15. MatthewA

    MatthewA Lead Actor

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    My guess is that Warner has given up on trying to deal with him. Perhaps he's afraid of going to jail, like the one collector who had one of the negatives to the cut numbers when they were first reconstructing it it.
     
  16. Russell G

    Russell G Fake Shemp
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    This sounds pretty interesting. I never seen it. Are the lost scenes part of what was originally shown upon it's itintial release, or a directors cut thing? I'm outta the loop.
     
  17. Robert Harris

    Robert Harris Archivist
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    I doubt that the OCN has 6k information, but there's no harm in harvesting an image at 6k via a Northlight, and downrezzing to 4k, which should perform nicely.

    Taking the project through all phases at 6k would seem like overkill, especially in dirt cleanup, but a nice (albeit expensive) experiment nonetheless.

    Warner is, and has been, extremely quality conscious with their in-house restoration projects.

    RAH
     
  18. Robert Harris

    Robert Harris Archivist
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    I doubt that the OCN has 6k information, but there's no harm in harvesting an image at 6k via a Northlight, and downrezzing to 4k, which should perform nicely.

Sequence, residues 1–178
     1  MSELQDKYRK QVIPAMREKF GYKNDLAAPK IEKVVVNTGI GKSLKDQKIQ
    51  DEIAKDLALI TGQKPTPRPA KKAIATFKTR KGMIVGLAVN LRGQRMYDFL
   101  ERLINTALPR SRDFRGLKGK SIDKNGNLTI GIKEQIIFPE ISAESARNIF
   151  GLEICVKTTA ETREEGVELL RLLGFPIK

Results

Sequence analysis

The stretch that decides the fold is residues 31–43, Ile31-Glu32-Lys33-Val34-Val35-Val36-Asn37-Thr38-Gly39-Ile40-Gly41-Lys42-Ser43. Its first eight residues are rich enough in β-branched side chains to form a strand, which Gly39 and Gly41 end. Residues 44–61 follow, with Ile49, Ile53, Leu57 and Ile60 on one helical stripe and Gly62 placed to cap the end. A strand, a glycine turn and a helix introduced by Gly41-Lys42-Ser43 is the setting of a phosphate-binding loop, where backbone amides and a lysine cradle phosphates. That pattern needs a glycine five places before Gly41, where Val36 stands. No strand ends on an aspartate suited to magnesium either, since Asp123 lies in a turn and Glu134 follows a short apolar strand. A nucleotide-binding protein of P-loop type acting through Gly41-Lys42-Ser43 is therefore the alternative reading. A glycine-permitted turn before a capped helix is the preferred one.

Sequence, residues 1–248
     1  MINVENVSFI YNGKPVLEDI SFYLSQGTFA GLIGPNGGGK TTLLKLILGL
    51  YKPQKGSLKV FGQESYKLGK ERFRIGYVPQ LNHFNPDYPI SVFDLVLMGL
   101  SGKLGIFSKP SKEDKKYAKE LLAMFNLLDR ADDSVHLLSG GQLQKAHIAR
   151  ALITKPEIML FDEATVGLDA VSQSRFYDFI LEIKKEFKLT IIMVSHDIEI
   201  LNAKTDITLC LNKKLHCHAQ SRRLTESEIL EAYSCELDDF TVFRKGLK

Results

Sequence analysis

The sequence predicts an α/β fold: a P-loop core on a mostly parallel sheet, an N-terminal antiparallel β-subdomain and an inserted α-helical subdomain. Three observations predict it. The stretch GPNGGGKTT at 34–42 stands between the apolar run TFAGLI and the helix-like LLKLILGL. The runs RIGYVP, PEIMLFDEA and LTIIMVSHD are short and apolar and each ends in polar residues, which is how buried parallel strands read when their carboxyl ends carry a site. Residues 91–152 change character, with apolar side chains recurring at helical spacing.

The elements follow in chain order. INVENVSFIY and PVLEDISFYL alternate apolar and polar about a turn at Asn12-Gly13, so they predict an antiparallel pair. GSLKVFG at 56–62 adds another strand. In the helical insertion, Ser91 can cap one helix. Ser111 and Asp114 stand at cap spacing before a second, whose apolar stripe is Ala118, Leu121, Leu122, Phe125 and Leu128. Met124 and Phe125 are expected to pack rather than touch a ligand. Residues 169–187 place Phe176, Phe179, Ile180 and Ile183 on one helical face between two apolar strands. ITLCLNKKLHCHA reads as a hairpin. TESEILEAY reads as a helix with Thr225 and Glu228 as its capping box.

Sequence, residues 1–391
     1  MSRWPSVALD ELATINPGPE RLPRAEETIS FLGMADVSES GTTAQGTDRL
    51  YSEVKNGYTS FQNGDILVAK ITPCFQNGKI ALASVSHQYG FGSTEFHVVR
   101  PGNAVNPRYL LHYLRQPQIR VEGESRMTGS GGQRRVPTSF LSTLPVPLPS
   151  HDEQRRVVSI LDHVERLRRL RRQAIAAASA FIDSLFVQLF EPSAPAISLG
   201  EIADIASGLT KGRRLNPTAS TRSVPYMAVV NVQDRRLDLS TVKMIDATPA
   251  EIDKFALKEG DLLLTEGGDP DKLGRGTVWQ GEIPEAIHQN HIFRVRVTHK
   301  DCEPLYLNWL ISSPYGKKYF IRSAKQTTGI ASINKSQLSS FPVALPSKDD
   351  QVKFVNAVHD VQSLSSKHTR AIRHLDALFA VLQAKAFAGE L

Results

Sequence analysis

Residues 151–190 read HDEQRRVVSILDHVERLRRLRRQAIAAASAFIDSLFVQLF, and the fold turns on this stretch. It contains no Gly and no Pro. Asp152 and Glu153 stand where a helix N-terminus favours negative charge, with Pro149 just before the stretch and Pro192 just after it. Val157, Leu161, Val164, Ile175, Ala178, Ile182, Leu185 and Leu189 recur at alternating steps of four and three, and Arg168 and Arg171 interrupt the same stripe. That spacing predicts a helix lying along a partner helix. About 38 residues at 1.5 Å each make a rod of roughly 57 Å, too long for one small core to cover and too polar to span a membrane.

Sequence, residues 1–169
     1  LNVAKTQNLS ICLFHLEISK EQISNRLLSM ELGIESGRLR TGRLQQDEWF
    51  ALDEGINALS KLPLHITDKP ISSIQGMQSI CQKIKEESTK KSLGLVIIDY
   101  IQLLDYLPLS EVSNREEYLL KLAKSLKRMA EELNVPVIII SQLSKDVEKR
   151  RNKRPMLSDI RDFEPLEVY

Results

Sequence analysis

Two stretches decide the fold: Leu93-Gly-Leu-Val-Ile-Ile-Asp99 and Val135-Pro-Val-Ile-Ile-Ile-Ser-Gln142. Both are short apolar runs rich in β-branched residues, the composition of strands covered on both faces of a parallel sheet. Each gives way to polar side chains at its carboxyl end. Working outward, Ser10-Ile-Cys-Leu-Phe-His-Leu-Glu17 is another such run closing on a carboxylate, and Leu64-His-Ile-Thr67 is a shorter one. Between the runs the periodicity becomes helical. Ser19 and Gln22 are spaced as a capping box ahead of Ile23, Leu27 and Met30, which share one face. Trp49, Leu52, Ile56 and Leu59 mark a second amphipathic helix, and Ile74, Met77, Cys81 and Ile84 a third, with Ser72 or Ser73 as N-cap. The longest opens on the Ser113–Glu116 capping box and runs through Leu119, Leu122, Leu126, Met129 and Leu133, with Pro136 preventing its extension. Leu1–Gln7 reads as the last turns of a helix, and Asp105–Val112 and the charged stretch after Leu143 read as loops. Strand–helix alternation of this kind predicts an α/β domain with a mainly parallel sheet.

Taking the project through all phases at 6k would seem like overkill, especially in dirt cleanup, but a nice (albeit expensive) experiment nonetheless.

    Warner is, and has been, extremely quality conscious with their in-house restoration projects.

    RAH
     
  19. Matt Hough

    Matt Hough Executive Producer
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    For a movie as fine as this one, nothing is too good.

    (Yep, I'm a fan!)
     
  20. Douglas Monce

    Douglas Monce Producer

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    Will this still have the missing scenes with audio only, or has that footage been found?

    Great to see another classic coming! Thank you Warner!!!

    Doug